When Pearl arrives at the McCanles ranch, Lillian greets her warmly, as does Jesse. Senator McCanles, her overbearing husband, however, treats Pearl to some racist, politically incorrect invective, while Lewt eyes her lasciviously. Needless to say, a love triangle of sorts develops. Ultimately, both sons want her, but they both can't have her. Jesse treats Pearl like a lady, while Lewt treats her like a wanton.Read more ›
That this film is overdone in almost every respect shouldn't for one minute discourage the purchase of DUEL. Its tremendous cast--including a surprisingly atypical performance by the great Walter Huston as the "sin killer" preacher--is well worth seeing. While the film is overlong, the costly restoration work that has gone into this edition makes it a visual treat that, for the first time, accurately reveals the high standard of craftsmanship insisted on by its producer David O. Selznick. The colors are so sharp and true that they seem to jump out from the screen. If you are a fan of this film--as something of a "guilty pleasure"--you'll throw away the previous video release of this film with gusto. There is absolutely no comparison whatsoever. The 5-star rating is primarily for how gorgeous it looks than for the story itself. This is what great Technicolor could do during Hollywood's Golden Age. The trailers, also included in this edition, make this a great package.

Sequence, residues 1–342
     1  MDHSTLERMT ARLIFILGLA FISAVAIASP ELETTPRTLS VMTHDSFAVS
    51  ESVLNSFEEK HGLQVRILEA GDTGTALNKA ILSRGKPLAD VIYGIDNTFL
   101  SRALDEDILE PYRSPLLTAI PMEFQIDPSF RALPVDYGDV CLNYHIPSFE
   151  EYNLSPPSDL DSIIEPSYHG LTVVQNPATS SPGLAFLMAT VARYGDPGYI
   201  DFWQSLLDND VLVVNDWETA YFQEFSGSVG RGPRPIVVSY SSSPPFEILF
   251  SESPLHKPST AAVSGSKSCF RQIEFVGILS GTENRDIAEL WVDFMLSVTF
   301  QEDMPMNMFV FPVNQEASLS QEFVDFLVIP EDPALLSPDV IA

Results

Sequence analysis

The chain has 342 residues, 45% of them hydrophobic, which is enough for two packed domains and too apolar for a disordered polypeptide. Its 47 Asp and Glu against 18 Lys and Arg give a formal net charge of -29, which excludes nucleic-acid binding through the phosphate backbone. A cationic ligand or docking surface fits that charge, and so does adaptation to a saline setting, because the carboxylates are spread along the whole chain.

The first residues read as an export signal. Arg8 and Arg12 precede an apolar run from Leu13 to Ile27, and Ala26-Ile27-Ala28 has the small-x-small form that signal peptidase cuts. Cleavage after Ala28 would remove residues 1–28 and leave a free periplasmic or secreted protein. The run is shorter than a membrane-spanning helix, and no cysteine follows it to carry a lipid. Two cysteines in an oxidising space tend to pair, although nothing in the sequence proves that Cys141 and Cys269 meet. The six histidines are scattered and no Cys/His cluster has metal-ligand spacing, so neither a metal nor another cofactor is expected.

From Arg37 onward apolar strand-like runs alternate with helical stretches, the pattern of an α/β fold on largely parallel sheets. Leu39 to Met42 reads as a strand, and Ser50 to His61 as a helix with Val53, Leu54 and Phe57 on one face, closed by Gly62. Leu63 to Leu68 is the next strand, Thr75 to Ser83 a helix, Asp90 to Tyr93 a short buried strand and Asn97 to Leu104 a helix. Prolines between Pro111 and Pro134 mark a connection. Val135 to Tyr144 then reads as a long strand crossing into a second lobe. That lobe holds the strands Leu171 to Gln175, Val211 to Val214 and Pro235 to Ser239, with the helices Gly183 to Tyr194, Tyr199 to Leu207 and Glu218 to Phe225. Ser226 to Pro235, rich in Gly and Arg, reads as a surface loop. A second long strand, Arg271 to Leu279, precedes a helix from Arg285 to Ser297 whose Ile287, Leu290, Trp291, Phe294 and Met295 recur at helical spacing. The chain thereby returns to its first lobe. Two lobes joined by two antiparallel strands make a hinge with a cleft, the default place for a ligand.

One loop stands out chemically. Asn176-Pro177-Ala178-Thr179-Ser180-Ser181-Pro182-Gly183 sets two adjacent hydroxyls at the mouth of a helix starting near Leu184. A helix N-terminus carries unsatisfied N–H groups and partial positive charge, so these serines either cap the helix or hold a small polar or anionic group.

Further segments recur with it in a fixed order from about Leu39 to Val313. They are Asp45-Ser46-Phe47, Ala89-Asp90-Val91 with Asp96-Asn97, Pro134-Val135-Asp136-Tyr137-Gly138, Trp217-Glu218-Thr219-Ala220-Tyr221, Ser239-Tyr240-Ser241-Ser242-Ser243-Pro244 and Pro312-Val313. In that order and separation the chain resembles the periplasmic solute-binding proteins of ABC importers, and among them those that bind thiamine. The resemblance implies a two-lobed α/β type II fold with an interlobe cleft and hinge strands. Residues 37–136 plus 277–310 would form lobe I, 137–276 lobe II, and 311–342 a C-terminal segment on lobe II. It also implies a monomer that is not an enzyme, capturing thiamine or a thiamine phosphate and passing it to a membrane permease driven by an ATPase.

The 2001 Roadshow Edition (which can be identified by those words at the top of the cover) contains the original Prelude, Overture, and Exit Music, which combine to stretch the length of the picture to 144 minutes.
There are no special features other than Trailers and "Tags" -- the latter being very brief partial ads lasting less than 20 seconds. There is a 4-page insert with still photos and a scene menu.
There is a good scene menu of 27 stops, which divides the movie conveniently into roughly 5-minute segments.
The picture and sound are very good. My only complaint on this front is that often the lips of the characters are slightly out of synchronization with the soundtrack. The difference is very slight, and if you aren't looking for it, you may not notice it. Indeed, I hesitated to mention it, lest it spoil the enjoyment of someone who wouldn't otherwise have noticed it. And there may be no edition in existence where the synchronization is perfect. However, I think buyers of a DVD deserve full information of this kind.